Scotiabank Mobile Banking: Is this the jumpstart Canada needs?
Mobile Banking in Canada has seemed poised for explosive growth for years now, yet very little ever seems to actually materialize for Canadian consumers.
The latest reason for hope is Scotiabank’s announcement that they have selected MCOM to provide mobile banking services. New Zealand-founded but Atlanta headquartered MCOM has been providing mobile banking since 2000, but has only made a signifcant push into North American markets this year through its partnerships with Fiserv and Microsoft. MCOM’s historical strength has been in SMS and mobile web mobile banking, although they now offer native application technology as well.
So, is the Scotiabank announcement the catalyst that finally breaks the Canadian mobile banking logjam? One could argue that Scotiabank is just catching up to what RBC, TD, & CIBC already have.Canadian banks have had mobile-web based mobile banking implementations on-and-off since 2000 — which consumers have generally ignored.
Scotiabank’s announcement was vague about what kind of offering they would provide, only saying:
Scotiabank’s mobile banking service will provide personal and small business customers with easy access to their Scotiabank accounts from their mobile device, regardless of their mobile service provider. Customers will be able to view balances and transaction history, pay bills and make transfers.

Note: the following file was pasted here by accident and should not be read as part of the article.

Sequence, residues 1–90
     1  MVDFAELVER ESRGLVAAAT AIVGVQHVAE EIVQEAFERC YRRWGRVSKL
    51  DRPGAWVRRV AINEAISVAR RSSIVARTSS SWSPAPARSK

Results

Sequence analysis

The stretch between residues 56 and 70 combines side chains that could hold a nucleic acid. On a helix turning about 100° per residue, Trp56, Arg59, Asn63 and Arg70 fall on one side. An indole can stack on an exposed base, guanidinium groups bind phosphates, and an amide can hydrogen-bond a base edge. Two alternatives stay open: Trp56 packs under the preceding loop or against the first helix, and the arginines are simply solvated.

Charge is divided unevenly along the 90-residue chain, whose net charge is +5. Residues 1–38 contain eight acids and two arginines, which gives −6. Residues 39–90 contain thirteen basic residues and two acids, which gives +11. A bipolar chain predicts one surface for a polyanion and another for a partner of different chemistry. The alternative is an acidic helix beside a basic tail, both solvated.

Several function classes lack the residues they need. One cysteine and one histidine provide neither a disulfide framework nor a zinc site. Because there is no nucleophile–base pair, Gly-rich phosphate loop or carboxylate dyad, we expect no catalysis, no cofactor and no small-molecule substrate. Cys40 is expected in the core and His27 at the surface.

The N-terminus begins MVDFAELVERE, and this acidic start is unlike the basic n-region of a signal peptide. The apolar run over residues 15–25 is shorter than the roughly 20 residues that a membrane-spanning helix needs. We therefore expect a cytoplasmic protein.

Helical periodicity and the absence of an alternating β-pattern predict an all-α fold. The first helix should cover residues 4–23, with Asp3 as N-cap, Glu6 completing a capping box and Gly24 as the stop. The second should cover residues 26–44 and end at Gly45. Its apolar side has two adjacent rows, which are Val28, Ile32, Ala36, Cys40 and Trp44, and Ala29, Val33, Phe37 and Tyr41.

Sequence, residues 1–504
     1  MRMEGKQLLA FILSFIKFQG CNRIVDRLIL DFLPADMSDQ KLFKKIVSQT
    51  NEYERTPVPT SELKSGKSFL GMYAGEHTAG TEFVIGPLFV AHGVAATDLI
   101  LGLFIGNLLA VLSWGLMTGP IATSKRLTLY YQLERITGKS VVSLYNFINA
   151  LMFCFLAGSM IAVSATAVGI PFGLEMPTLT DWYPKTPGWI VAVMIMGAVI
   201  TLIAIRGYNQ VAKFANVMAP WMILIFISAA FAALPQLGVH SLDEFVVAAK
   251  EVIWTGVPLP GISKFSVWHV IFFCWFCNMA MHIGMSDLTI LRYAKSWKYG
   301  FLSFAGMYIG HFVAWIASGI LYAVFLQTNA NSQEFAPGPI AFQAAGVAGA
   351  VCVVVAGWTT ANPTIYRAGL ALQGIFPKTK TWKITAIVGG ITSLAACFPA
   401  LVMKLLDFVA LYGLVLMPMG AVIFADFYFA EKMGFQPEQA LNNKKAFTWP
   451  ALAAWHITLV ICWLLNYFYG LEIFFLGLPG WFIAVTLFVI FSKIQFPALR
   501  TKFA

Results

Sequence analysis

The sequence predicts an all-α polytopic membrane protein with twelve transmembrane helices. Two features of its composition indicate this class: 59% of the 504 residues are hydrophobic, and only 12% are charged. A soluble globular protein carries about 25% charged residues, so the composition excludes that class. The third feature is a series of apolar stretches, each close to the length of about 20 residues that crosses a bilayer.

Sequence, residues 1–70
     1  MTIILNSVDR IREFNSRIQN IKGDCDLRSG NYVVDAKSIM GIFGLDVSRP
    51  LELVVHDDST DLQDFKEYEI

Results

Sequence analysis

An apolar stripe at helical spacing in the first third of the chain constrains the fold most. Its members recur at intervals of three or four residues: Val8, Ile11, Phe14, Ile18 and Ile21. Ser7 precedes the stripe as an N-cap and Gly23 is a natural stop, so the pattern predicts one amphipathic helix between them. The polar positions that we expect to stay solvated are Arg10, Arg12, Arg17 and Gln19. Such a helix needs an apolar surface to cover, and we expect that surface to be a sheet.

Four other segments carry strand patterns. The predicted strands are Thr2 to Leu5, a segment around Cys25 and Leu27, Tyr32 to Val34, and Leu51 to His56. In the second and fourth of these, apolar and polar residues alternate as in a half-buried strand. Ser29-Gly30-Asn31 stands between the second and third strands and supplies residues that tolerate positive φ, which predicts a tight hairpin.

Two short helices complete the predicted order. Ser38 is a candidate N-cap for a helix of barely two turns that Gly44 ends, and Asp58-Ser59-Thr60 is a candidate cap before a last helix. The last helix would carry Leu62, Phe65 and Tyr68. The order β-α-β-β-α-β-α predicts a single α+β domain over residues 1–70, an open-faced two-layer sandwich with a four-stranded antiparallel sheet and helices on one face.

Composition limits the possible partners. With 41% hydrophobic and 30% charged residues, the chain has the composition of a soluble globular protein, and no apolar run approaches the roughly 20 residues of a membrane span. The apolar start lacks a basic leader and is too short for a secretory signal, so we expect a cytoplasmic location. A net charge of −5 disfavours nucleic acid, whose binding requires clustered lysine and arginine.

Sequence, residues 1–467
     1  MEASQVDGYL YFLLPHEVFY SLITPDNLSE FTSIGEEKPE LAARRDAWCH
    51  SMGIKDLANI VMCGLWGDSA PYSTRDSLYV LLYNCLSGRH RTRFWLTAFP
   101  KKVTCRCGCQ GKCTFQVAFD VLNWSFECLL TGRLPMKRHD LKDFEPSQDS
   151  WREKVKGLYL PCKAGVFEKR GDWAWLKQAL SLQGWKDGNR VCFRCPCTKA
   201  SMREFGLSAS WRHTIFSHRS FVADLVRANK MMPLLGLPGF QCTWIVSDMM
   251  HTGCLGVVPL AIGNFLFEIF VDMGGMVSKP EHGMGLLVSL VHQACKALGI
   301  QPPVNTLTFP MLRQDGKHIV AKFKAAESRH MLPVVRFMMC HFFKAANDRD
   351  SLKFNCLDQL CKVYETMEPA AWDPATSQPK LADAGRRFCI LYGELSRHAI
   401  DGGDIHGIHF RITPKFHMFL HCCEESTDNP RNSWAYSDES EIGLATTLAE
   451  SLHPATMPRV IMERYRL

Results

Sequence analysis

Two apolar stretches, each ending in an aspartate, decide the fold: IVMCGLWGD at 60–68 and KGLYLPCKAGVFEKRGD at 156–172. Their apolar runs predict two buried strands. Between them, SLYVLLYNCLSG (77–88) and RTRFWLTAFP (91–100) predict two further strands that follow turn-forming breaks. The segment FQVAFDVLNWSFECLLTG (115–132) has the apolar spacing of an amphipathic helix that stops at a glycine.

If Scotiabank only offers up mobile web, it’s not a step forward for Canada. Canadian banks already have mobile-web based mobile banking, and like everywhere else, the impact is minimal. Many smartphone customers will try Scotiabank’s mobile banking, but only a select collection of hard-core users will use it repeatedly.
On the other hand, Scotiabank can disrupt the entire Canadian banking status quo by offering a number of mobile banking offerings at once (mobile web, SMS, native iPhone application, native Blackberry application, etc.). Bank of America has seen tremendous success (3.5 M customers and counting) by offering a variety of technology options so consumers can interact in the mode that suits them best. Javelin Strategy’s recent 2009 Mobile Banking Scorecard recommends this approach as well.
Scotiabank and MCOM on paper have the capability for a bold move. However, by omitting specifics from the announcement they have muted the impact. The consensus among Canadian bankers is that they have time to sit back, watch and wait.
Scotiabank missed an opportunity to knock their competitors out of their chairs.
Scotiabank issued a clarifying press release specificially saying they’re offering Alerts and native iPhone applications. This announcement shakes things up in Canada!